Chaplain's spiritual roadmap steered her to military service
July 17, 2014
A single moment of clarity during her college years led Chaplain (Lt. Col.) Paige K. Heard into a life of service to the Lord.
Heard, the new Army Contracting Command chaplain said as a little girl in Peachtree City, Georgia, she wanted to go to the heavens, but in a different capacity.
"I wanted to be an astronaut," she said. "I never thought or dreamed about being a preacher."
She didn't discover her pastoral calling until she was a student at Auburn University, Alabama.
"I spent one summer overseas doing Christian mission work in the Netherlands," Heard said. "While on that trip, I felt compelled to serve God in a ministry vocation. I thought that I wanted to serve as a missionary, but while in seminary it became clearer to me that I would serve God in the chaplaincy."
Soon after graduating from college, Heard entered the Dallas Theological Seminary in Dallas, Texas. After graduating from the seminary, she found herself behind bars.
"My first ministry after seminary began in the 1990s as a prison chaplain for a women's correctional facility in Georgia," said Heard, who is one of five siblings, one of which is her twin sister Paula.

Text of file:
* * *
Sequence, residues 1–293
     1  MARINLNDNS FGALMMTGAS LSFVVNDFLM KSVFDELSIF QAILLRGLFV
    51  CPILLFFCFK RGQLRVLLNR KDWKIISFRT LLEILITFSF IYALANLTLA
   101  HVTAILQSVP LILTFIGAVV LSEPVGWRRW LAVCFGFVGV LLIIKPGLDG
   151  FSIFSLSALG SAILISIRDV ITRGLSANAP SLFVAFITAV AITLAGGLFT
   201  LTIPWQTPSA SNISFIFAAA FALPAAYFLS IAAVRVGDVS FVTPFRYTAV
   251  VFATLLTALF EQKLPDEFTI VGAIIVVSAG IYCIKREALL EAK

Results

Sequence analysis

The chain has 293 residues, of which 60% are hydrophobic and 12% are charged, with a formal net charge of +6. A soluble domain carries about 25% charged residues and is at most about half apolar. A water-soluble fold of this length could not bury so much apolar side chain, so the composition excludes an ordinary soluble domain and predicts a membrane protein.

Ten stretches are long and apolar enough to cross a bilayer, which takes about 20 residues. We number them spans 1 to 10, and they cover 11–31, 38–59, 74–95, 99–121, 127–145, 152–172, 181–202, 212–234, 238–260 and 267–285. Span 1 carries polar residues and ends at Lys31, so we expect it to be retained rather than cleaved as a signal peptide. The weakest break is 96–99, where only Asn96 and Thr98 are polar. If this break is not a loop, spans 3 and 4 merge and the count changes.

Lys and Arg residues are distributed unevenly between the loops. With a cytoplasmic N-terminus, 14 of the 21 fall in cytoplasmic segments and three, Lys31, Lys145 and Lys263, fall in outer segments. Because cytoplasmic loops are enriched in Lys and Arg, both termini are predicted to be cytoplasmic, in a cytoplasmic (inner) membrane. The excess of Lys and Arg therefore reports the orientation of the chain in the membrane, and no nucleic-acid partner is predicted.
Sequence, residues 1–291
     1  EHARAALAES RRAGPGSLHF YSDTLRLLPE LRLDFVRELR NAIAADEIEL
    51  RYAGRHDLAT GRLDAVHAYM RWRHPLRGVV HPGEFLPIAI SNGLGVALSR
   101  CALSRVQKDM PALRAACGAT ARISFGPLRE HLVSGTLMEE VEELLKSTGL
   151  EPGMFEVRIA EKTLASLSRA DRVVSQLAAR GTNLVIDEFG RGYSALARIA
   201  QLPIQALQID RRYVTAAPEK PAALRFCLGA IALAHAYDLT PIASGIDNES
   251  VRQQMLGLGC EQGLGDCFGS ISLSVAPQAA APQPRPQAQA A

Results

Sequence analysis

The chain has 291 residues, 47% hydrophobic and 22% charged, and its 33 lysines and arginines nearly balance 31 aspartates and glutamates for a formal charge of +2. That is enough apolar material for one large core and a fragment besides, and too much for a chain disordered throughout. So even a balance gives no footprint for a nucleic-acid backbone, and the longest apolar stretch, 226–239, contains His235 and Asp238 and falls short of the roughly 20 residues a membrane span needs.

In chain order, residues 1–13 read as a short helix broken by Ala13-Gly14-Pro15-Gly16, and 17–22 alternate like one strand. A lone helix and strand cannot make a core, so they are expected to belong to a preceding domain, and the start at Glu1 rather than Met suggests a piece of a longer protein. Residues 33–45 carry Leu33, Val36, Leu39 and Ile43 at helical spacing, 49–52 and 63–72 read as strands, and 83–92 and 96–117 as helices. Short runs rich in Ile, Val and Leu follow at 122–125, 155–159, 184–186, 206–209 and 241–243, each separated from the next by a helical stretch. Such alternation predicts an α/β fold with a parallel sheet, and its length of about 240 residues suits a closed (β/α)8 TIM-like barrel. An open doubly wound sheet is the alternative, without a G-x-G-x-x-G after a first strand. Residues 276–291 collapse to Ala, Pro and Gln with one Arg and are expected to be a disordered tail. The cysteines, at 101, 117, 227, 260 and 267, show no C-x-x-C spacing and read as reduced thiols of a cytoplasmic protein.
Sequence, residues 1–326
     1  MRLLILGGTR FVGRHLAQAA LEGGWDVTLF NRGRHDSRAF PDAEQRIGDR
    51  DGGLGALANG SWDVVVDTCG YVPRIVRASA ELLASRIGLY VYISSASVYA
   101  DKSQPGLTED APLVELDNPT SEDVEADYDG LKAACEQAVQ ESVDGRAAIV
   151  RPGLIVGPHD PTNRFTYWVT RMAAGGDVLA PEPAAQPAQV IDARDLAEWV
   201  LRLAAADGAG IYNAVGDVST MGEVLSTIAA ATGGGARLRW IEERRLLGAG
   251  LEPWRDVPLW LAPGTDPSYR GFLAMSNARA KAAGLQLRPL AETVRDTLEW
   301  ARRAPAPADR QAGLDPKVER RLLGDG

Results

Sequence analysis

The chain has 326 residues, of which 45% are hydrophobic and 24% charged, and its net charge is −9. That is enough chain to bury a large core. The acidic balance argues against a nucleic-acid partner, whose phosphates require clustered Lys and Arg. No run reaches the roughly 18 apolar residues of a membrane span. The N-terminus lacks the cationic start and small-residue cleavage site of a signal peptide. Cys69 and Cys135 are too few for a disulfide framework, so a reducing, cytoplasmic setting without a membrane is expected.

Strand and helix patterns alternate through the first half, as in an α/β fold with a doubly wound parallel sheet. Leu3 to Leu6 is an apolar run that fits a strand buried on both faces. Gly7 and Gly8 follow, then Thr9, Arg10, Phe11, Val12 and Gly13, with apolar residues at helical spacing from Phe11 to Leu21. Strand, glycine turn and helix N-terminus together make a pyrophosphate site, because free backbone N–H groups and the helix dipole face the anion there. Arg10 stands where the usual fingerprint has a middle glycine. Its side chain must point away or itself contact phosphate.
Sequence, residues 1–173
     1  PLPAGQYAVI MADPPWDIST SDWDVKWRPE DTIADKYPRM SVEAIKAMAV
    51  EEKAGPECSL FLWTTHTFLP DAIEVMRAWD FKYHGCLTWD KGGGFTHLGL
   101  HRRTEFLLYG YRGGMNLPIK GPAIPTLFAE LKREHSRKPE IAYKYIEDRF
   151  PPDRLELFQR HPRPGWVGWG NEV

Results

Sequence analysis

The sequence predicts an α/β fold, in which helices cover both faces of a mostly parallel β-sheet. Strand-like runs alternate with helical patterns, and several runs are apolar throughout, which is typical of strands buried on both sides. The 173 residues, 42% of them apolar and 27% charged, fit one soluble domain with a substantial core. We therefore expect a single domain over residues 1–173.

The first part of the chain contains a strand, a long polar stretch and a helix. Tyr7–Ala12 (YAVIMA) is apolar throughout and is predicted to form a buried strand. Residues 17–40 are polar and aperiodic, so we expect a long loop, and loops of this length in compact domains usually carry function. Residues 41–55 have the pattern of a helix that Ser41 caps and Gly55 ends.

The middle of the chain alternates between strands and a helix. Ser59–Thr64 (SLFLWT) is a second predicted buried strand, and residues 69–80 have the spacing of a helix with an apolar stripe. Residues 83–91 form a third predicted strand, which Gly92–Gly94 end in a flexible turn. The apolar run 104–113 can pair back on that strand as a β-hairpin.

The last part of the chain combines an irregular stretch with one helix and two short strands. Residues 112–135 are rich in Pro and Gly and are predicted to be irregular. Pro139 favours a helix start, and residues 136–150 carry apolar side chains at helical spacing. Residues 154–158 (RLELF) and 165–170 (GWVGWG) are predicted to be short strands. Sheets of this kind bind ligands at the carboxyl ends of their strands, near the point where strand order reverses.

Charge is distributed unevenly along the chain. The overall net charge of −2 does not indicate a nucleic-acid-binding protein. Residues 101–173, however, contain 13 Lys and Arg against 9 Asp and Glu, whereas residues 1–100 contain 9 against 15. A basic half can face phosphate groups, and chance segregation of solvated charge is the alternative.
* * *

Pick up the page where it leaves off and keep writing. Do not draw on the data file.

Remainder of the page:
After staff reductions and a change in management philosophy by the state, Heard left the corrections department and began seeking a new way to follow her desired path. Five years later, that path was paved in camouflage.
"I wanted to be a chaplain and the Army provided the opportunity for me to be one," said Heard, who has been in the Army for 17 years. "I joined the Army as a chaplain and I've loved my service in the military."
Prior to joining ACC, Heard served as the Redstone Arsenal Garrison chaplain. As the ACC chaplain, Heard hopes she can help everyone recognize and develop the spiritual dimension of their lives.
"We all want to know our purpose and our significance for living," said Heard. "I believe that we must continually keep a check on our actions. Are they aligned with our values and beliefs? If there are any incongruencies in that area it can affect our quality of life."
Heard said growing up in her church surroundings, there never was an opportunity for her to see a woman serve as the pastor/minister.
"I did not see a female role model," she said. "But I realize today that I am one for others to see. I don't take that opportunity lightly. Whenever I can, I go to local churches to share about the ministry that I'm involved in."
After normal duty hours, or what would be normal hours for a chaplain, Heard enjoys spending time with her family.